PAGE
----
Pledge to Act!  Margaret Meade’s famous quote “Never doubt that a small group of thoughtful, committed citizens can change the world.  Indeed it is the only thing that ever has.” is empowering.  Each one of us can make a change in our daily lives that helps to reduce our footprint on this earth, brings peace to others and builds a foundation of trust and harmony; all it takes is our decision to do so.  Make it a daily, or weekly event, to make a pledge with the children.

The Little Earth Charter;  this program for children provides a fun springboard from which to create activities that focus on protecting the earth and being socially responsible.

Songs:  Friends of the Earth is a great song to learn – it is a wonderful song to incoporate sign language.  I have had numerous student bodies sing this song to me and sign it as they are singing.  You can hear it at  Little Animation For Kids Just go to the Music Section.  Dolphin Teach Us To Play is another one that illustrates the joy and harmony of life.

Photo by Tessa Emery

Sunday, July 18, 2010

Campfire Fun!

There is something about a campfire that awakens memories of ancient times in us; we are drawn to stare into the golden flames, to reflect and imagine – at least that has been my experience from many campfire moments with adults and kids.

Storytelling comes alive as the flames flicker, and legends take on a whole new dimension, as well they should since many have been passed along on just such nights as this with everyone gathered in the glow!

I’ve shared some of my favorite stories and songs below, but here are a few fun ideas for campfire games too.  10 Campfire Games You Have to Play!  With younger kids the alphabet travel game is always fun.: you just go through the alphabet, each person choosing a different letter; start with a name, then a place and then something that comes from there.  So – my name is Alice and I come from Alabama and I am bringing apples, and so forth.

I find that just sharing personal stories can be a very moving and profound experience with children and adults.  We all have a story to tell and most good stories are the ones that recount the tale of an event in someone’s life.  Stories are as old as time and many cultures and indigenous peoples history is recorded only through their oral traditions.  Here is an interesting article  on storytelling.

Songs can add to the atmosphere, especially if everyone can join in and sing along.  Some of my favorite tunes to share with kids around a fire are the Mosquito song, Bats, bats, bats, and Slip Slitheree Dee.  I make up actions for my songs and that adds more fun for the kids – you can easily make up your own actions, or better still get the kids to!  You can fine all these songs on my MySpace page.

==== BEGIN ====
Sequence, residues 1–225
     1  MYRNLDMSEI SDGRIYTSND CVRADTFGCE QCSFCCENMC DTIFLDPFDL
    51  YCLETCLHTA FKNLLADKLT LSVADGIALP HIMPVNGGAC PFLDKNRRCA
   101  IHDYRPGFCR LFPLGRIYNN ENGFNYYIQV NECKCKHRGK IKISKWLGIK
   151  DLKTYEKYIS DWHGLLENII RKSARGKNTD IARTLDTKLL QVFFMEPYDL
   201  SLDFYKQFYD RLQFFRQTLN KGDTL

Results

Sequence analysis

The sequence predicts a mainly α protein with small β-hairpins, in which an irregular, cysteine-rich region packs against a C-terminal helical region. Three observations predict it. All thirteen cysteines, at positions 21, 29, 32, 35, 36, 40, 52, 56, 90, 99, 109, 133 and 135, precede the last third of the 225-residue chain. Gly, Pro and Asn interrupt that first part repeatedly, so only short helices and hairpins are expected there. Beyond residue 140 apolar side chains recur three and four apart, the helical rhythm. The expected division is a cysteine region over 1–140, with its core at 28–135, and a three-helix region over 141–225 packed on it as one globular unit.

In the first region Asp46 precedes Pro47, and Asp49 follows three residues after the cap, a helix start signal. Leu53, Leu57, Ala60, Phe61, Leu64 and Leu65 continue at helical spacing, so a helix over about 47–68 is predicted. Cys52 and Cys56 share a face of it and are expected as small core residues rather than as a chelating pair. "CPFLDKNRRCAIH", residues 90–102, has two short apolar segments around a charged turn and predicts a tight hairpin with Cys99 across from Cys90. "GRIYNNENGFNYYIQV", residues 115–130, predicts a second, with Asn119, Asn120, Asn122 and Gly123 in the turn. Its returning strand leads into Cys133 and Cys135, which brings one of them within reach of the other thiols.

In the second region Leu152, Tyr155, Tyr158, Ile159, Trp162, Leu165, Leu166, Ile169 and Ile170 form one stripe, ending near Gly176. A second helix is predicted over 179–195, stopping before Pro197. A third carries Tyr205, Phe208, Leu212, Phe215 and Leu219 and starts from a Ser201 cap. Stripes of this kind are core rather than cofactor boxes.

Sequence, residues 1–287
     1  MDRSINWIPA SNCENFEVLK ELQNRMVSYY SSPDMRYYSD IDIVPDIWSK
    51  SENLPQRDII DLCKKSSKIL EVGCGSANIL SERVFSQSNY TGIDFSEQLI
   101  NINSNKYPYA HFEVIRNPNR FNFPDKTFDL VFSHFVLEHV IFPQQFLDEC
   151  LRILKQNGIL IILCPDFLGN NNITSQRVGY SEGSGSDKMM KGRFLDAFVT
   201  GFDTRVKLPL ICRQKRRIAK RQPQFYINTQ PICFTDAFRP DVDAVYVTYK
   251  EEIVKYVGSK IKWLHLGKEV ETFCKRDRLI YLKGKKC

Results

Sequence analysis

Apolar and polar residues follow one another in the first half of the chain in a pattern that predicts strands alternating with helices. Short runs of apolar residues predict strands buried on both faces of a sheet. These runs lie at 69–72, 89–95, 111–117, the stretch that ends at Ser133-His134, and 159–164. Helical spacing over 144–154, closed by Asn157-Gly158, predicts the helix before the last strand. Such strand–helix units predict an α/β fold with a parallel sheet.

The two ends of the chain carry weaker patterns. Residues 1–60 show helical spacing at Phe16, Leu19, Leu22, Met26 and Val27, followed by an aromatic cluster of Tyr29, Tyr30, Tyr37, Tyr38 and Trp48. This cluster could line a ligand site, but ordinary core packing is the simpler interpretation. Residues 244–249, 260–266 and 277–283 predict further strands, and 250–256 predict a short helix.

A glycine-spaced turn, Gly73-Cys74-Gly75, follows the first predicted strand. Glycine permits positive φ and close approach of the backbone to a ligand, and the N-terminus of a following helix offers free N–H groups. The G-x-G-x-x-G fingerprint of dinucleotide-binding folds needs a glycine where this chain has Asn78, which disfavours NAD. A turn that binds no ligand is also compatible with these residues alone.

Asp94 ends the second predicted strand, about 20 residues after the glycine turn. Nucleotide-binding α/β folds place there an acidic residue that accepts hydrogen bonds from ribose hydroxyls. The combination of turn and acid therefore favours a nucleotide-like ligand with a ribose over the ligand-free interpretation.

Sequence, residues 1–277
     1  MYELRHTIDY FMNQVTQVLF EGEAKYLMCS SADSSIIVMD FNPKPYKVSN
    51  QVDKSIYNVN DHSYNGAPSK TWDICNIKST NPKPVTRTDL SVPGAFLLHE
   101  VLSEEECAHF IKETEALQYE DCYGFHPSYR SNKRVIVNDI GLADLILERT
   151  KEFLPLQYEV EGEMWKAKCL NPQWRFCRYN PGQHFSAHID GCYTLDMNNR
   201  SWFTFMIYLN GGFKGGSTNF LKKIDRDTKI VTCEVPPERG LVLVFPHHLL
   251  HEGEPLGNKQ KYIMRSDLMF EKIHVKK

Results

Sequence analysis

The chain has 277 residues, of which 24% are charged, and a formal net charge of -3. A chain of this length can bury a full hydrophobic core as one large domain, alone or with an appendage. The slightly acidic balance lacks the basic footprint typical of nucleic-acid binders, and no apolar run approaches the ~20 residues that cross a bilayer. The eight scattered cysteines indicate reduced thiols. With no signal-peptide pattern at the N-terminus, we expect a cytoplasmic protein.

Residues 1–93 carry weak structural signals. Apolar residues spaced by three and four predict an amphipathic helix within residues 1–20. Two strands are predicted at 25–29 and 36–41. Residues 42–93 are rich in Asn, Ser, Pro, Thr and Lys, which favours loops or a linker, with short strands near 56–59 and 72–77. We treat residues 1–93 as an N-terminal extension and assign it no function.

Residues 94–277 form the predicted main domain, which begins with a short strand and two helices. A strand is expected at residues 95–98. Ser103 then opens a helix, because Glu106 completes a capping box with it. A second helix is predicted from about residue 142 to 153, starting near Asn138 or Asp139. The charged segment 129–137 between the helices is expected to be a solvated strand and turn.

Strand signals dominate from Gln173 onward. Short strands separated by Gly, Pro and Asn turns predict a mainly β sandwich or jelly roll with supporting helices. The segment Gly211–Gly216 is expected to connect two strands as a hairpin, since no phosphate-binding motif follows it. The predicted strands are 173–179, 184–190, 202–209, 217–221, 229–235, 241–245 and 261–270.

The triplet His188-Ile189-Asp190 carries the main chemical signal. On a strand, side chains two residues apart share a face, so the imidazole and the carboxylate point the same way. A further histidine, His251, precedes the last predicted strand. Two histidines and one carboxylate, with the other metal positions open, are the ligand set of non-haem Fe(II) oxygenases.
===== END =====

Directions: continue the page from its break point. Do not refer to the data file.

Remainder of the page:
Stories One of my favorite campfire stories is the Iroquois story of the Big Dipper.  Twice I have told this story and a shooting star has fallen at exactly the right moment! Amazing!  The legend of the Milky Way  is another good one.

I am back in Florida now, working on a brand new half-hour kids TV show for WGCU Public Media  We are in the midst of auditions, looking for children who will be our Curious Kids TV Hosts!  Due to this new workload my blogs will not be as frequent, but I will be posting from time to time and there is a wealth of information already written if you look through the archives.  Hope everyone is having a good summer (or winter, depending on where you are!).  Feel free to get in touch with me if you want a specific song back up on MySpace!  I will be launching a new website in the fall along with my new CD!

Stay tuned! In gratitude for life and this precious earth that sustains us all!
Photo of Campfire Eric Dufresne

Tuesday, June 22, 2010

Traveling Back to Florida

If you're reading this, you will know that I am on the road again!  Traveling back to Florida, from Montreal!  I am beginning a fabulous new project, one which I have dreamed of doing my whole life!  I will be producing a Children's half-hour TV Show for WGCU Public Media (PBS) in Fort Myers, so lots of work, but an amazing opportunity to share knowledge, inspire kids to get outside and discover the marvels of the natural world, promote wellness and demonstrate our interconnectedness to the Earth and each other!

I will be resuming my Blog Posts in a few weeks, so please come back and visit!  In the meantime, if you scroll through the archives, you will find a wealth of information and ideas as well as links to some great stories and resources!

I hope your summer is going well and that we will connect again soon!
In gratitude for life and this precious Earth,